Orangutan Information Centre (OIC): Visiting Sumatra’s Orangutans Responsibly

By Melanie Jae Martin

If you want to see great apes in the wild, Sumatra’s rainforest is one of the most accessible places to do just that. Seeing orangutans in the wild, along with silver Thomas leaf monkeys, pig-tailed macaques, and a diverse range of birds like hornbills, will leave you with a renewed appreciation for the beauty and ingenuity of other species. However, you need to know how to visit them responsibly or you could introduce illnesses, since they share over 97 percent of our DNA. Less than 7,000 Sumatran orangutans live in the wild, and they’re an essential part of the rainforest ecosystem, helping seeds to germinate and even pruning the canopy.

The Gunung Leuser National Park is part of the Tropical Rainforest Heritage of Sumatra UNESCO World Heritage Site, and an excellent spot for ape-watching and rainforest trekking. The Orangutan Information Centre (OIC), a local, grassroots NGO, is working with a local guides association to certify guides in the popular destination Bukit Lawang.

The OIC is an excellent source of information, and many of the guides are extremely knowledgeable and conscientious. However, because of the competition for visitors and tips, some guides do engage in unscrupulous practices like luring orangutans over with fruit, leaving fruit peels on the ground, or even letting visitors hug orangutans. Before you go into the forest, you’ll watch a short film on rainforest etiquette at the visitors’ center. Pay attention, and take responsibility for your own behavior. Better yet, download a copy of the park guidebook from the OIC website to prepare for your trip.

In Bukit Lawang, you’ll have the chance to see orangutans close up, either at the feeding platform or slightly further into the rainforest. These orangutans have returned to the wild after a life in captivity. Captured from the wild by poachers at a young age, they are learning to live in the forest again after a rigorous rehabilitation process. They grow adept at building nests to sleep and lounge in, climbing nimbly through the canopy, and raising the next generation of wild orangutans. Like humans, they don’t know how to live in the wild by instinct alone. In the wild, they might spend eight years with their mother, learning how to live in the jungle. Learning these skills as adults takes an incredible amount of intelligence, patience, and perseverance, just as it would for a human.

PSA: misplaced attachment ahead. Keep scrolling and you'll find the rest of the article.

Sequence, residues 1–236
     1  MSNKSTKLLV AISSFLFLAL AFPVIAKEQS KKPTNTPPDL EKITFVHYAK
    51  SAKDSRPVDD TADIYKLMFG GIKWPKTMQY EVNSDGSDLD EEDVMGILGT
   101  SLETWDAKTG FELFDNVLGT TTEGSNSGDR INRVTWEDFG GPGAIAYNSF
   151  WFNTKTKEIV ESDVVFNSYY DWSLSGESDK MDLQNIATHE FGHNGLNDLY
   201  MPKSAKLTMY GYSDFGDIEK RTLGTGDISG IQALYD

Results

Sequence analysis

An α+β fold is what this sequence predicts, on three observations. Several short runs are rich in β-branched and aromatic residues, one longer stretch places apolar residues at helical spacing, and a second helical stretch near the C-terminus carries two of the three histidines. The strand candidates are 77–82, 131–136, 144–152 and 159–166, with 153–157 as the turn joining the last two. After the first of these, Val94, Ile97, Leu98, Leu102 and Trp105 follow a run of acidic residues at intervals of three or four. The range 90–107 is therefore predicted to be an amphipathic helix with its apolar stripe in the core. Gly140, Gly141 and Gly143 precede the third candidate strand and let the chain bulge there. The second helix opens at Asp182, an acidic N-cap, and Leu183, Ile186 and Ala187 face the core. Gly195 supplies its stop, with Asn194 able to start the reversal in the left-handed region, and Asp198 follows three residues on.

Deeper in the jungle, you’ll likely see wild orangutans from afar. You’ll have the option to take a one-day, overnight, or multiday trek. Local guides are quite flexible in making arrangements. If planning a longer trek, talk with the staff at the visitors’ center to request a knowledgeable, conscientious guide.

For a quieter experience, visit the farther-flung village of Ketambe, about 8 hours by van from the main city of Medan. Staying in this little village bedecked with flowers and fruit trees will let you experience a less-trafficked part of the Gunung Leuser National Park, or “Leuser.” You’ll easily arrange van transportation on arrival; just ask your hotel staff for details. Call ahead to book a room in Ketambe. The Friendship Guesthouse offers rustic one-room bungalows with bathrooms for around U.S. $6 per night, and tasty curries for around $2. The welcoming staff will connect you with a local guide as well.

As in Bukit Lawang, take responsibility for your own behavior. The orangutans around Ketambe are wild, meaning they’ll keep their distance. One was said to have thrown a beehive at visitors, I was told, in what I felt sure was a cautionary tale. Talk about tool use, I thought.

Unfortunately, Leuser is threatened by the oil palm industry and other forms of encroachment, like much of Indonesia’s rainforests. In June 2011, it was placed on the UNESCO List of World Heritage in Danger for this reason. While there, I volunteered at a restoration site in the district of Langkat, North Sumatra. The OIC had reclaimed this illegally logged and farmed section of national forest in 2007. Since then, the all-local staff had been working to bring the rainforest back to life.

The old “hantu” – what we jokingly called the dead oil palms – still stood menacingly in some parts of the forest, gray-white fronds draping around their rotting trunks like a veil. But the vibrant growth of young rainforest trees was enveloping them, weaving them into the ecosystem as life carried on.

One of the field assistants, Darjo, had carefully counted the bird species in the area – he’d spotted 83 so far. While collecting saplings in the deeper forest, the staff showed me huge elephant tracks. Very near the small house where we stayed, we saw the print of the rare golden cat.

Recently, after I’d arrived back in the States, the staff sent me an excited message: Orangutans were living at the site! They’d observed a male and pregnant female in the trees. The forest would take centuries, perhaps longer, to gain back the richness of the diversity it once had, but in the meantime, life will continue to thrive – as long as we let it.

Article taken from Your Travel Choice Blog. Read original version here.

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